Then, using the Streamer profiles (from the file progs/profdata.inc in the Streamer distribution) for arctic winter, arctic summer, subarctic winter, and subarctic summer, and only looking at the bottom 12 km of the atmosphere (going higher greatly reduces the accuracy of the fit at the lowest levels), the following constants were determined:
TAU : cloud optical depth
ti : physical thickness of ice portion of cloud, km
tw : physical thickness of water portion of cloud, km
Ei : extinction coeff for ice cloud, 5.9/km
Ew : extinction coeff for water cloud, 31.4/km
top : physical height of cloud top, km
bound : physical height of transition layer between ice and water, km
bottom: physical height of cloud bottom, km
(last three calculated from fitted pressure/height equation above)
The amount of missing data in the ISCCP data set is large. For
1985-1986 on average, 45% of ISCCP data are missing. For 1987-1993
this figure is lower, roughly 20%. This drop in percentage
of missing data most likely correlates with a change in the satellite reporting
the data. In the ISCCP data set, a missing data cell retains the
cell indices and the TOVS atmospheric information. The remaining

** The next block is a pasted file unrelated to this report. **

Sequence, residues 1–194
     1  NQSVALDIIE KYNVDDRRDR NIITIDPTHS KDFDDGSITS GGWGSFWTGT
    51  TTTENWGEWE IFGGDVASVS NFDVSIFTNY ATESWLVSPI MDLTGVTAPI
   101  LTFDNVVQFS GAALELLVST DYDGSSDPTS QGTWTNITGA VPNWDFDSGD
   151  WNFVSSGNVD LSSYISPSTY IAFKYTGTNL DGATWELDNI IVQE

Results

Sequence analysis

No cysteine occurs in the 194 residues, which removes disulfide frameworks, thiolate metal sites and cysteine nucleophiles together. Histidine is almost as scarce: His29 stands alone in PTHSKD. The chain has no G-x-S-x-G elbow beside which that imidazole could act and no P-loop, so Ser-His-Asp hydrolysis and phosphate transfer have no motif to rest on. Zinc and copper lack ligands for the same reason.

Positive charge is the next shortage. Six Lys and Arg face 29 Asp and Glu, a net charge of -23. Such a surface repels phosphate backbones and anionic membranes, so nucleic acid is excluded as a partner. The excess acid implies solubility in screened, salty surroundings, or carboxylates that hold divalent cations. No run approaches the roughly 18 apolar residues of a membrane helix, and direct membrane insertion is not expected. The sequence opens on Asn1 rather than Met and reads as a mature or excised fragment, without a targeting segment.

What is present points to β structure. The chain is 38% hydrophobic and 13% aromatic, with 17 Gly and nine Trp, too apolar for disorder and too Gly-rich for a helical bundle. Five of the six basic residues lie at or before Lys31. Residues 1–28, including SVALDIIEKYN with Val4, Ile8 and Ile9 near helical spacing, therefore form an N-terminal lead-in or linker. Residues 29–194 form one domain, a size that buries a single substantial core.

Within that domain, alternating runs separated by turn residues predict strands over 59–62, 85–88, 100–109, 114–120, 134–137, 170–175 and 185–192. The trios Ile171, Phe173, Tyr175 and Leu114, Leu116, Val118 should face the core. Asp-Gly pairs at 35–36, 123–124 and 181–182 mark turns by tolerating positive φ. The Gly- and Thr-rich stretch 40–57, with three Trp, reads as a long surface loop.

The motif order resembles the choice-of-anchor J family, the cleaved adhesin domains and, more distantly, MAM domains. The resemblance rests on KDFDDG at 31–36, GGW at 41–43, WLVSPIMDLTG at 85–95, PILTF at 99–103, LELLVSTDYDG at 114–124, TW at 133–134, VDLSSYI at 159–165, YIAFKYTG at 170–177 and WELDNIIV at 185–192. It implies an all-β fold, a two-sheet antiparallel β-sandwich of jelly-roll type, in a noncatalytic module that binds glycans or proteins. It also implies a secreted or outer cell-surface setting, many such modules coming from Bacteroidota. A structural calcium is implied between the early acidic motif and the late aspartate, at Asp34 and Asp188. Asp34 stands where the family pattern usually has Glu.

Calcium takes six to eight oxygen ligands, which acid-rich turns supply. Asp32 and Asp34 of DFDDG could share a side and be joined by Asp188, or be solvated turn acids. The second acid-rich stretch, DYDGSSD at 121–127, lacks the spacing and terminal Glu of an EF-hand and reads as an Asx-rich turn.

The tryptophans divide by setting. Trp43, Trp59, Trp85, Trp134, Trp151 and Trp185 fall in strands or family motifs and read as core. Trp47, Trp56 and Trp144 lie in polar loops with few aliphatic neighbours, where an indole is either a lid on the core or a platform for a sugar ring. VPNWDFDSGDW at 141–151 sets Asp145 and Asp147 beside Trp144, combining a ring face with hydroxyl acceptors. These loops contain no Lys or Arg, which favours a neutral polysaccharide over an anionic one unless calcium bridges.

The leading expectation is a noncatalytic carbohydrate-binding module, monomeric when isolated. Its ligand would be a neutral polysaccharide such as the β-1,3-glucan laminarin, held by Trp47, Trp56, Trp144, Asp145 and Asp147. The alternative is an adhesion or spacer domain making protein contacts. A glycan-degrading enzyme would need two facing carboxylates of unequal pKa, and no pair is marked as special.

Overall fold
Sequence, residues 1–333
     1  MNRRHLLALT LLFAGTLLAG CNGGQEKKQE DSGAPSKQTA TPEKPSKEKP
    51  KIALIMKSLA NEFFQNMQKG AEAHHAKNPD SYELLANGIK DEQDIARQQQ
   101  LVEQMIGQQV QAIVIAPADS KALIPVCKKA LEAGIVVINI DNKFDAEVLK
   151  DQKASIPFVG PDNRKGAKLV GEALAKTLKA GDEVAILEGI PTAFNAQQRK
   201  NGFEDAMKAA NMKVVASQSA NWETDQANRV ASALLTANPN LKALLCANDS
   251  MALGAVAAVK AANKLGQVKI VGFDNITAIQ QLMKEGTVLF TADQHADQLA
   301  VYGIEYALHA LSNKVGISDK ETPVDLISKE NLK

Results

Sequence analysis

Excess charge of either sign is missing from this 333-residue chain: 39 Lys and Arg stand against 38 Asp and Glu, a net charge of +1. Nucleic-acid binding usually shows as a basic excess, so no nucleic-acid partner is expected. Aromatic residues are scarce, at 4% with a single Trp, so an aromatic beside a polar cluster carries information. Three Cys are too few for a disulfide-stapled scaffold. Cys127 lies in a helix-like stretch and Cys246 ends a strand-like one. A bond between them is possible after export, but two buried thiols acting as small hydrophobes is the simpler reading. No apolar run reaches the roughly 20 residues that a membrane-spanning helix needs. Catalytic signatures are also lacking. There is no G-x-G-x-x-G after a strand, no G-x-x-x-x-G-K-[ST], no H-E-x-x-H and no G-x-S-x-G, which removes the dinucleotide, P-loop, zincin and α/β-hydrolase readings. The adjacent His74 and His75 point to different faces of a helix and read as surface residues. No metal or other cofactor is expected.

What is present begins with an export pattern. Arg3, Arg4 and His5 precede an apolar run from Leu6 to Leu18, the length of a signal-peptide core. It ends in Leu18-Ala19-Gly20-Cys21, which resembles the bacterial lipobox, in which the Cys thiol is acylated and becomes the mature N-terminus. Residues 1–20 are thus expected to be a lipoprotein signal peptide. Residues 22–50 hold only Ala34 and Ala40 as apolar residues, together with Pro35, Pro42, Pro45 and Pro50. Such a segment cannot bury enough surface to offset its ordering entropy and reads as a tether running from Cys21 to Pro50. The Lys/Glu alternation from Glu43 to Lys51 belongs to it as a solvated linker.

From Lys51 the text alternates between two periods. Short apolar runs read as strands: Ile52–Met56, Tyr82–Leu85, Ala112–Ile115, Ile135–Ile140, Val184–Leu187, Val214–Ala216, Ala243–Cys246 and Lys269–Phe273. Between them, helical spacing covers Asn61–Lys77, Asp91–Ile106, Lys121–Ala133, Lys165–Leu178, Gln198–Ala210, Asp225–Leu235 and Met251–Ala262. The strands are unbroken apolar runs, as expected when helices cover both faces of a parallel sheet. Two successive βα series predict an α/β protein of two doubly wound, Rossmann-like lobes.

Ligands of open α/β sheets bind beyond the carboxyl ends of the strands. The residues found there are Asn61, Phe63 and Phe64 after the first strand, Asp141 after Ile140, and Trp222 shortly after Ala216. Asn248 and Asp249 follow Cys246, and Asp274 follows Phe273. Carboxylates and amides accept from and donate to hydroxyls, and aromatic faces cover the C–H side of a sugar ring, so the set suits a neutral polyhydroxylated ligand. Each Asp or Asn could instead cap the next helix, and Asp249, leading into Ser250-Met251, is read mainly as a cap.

data for the cell is set to a nodata value of 255.
The easiest way to fill the missing data is with daily average values. In the interest of time, this is the course that was chosen but, this may be revisited in the future.
For daytime, ISCCP reports values for variables derived from both visible and IR measurements. For nighttime, in the absence of sunlight, only the IR derived variables are reported. According to the ISCCP documentation, the VIS/IR retrieval is superior to the IR only retrieval. When VIS data is available ISCCP reports more detailed cloud information compared with the IR only case. The way the processing code is currently written, either the VIS data are used for cloud properties or the IR data are used but, not both. Prfv2.pro, the current version of the prf code, uses the VIS data when available (i.e. during the day) and the IR when VIS is not available (i.e. at night). When considering how to calculate the daily average cloud properties a decision had to be made whether to use VIS or IR data. VIS data would provide more detailed cloud information but IR data could potentially be available for more times throughout the 24 hour period. The issue was whether to have fewer but more detailed data points to average or less detailed but more frequent data points to average. A compromise was reached whereby, if VIS data is reported for at least half the day ( minimum of 4 out of the 8 3-hourly time steps) the VIS data is used to calculate daily average cloud properties. If there is less than half a day of VIS data then the majority data type reported for the day, VIS or IR, is used for calculating daily averages. For variables other than cloud properties all available data are used to calculated the daily average.